(Opposed) Growers are supportive of workers. Many have human resources departments and go above and beyond to treat H–2A workers like family.  The Department of Labor and Industries has found that H–2A worksites are safer than other farms.  Farmers cannot afford a fee.  No other state has a fee.  The minimum H–2A wage is the highest in the nation.  A fee would make the H–2A program unavailable to some farmers and put Washington at a disadvantage with other states. There will be fewer pear orchards, which means pears will come from other countries with lower wage and environmental standards. If using H–2A workers is not an option, farmers will compete for domestic workers. The domestic recruiting by the ESD does not work well.   

Additional regulation is not needed. Agriculture is highly regulated. The services would be an unnecessary duplication of oversight.  The ESD and the U.S. Department of Labor visit farms. Pro bono lawyers also provide oversight.  Wagner-Peyser funds should pay for the program. Agriculture is the only industry that has to pay for Wagner-Peyser programs.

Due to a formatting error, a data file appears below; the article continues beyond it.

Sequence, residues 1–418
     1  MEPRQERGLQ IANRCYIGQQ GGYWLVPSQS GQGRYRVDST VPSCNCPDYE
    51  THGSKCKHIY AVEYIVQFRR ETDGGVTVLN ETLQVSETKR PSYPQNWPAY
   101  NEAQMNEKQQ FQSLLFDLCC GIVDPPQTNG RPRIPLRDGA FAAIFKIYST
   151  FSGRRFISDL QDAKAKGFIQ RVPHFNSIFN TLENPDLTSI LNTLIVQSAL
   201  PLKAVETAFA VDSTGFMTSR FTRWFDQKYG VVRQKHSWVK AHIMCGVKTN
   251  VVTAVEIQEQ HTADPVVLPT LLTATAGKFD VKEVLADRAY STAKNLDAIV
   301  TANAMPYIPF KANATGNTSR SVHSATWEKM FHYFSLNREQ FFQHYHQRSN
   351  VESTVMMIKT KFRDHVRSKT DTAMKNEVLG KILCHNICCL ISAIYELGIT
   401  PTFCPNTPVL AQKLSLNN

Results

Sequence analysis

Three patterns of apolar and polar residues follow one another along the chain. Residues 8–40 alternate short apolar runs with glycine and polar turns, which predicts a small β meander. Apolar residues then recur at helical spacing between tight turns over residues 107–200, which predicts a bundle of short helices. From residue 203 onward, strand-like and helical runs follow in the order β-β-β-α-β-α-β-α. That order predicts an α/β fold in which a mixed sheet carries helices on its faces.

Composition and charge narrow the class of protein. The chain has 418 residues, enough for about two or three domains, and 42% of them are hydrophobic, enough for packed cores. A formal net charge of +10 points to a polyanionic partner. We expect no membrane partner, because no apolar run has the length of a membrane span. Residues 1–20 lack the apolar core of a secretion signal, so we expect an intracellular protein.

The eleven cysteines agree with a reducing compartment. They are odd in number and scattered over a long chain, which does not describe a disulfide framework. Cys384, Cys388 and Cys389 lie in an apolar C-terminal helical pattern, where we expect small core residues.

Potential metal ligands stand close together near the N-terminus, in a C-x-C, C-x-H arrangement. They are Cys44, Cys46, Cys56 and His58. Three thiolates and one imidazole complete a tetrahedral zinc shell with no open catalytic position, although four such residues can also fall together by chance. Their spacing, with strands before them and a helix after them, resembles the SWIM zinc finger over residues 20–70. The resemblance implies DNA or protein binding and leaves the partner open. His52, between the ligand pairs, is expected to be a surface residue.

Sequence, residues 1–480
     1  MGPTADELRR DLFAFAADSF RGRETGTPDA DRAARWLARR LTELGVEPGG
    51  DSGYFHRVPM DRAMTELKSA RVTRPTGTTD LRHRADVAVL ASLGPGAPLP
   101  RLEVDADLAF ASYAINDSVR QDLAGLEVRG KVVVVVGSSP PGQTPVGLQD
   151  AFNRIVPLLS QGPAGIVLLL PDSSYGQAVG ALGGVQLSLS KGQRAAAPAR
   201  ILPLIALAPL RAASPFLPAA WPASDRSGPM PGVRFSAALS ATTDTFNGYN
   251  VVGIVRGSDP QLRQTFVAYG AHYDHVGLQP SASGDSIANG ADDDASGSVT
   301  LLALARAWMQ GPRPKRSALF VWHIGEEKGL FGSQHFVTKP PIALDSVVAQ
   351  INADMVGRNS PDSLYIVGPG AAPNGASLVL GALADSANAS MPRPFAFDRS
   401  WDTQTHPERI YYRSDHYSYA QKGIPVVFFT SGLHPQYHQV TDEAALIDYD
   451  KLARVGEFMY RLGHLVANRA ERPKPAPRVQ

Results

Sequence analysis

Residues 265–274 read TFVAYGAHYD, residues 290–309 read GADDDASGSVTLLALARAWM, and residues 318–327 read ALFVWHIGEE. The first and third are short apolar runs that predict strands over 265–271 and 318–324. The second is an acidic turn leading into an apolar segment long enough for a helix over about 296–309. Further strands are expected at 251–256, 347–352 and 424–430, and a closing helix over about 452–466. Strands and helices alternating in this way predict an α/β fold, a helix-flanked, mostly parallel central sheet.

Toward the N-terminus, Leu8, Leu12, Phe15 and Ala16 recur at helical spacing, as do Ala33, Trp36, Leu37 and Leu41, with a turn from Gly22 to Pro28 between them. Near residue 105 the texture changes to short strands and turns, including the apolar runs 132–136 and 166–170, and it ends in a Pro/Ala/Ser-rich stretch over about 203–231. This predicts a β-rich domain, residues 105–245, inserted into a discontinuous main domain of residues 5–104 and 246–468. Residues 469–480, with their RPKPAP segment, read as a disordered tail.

Dairy farmers are not currently authorized to use H–2A workers because the work is not seasonal, but there is a proposal to change this.  Creating the Office and a Committee are supported. Mentioning fees in the bill jeopardizes efforts to get more federal funding.

(Other) There are unintended consequences, as food banks will not have the quality of food to offer clients. 

Staff Summary of Public Testimony (Appropriations):

(In support) This bill is a response to a lack of adequate federal funding for oversight of H-2A compliance. Worker safety and wages should not be compromised by federal underfunding of the H-2A system. The bill creates a framework for funding compliance activities. The bill has been improved throughout the process, including an exemption from fees for small growers who have fewer H-2A workers, provisions to cap fees, and a later implementation date for fee assessment and collection to allow for stakeholders to advocate for more funding at the federal level.

(Opposed) None.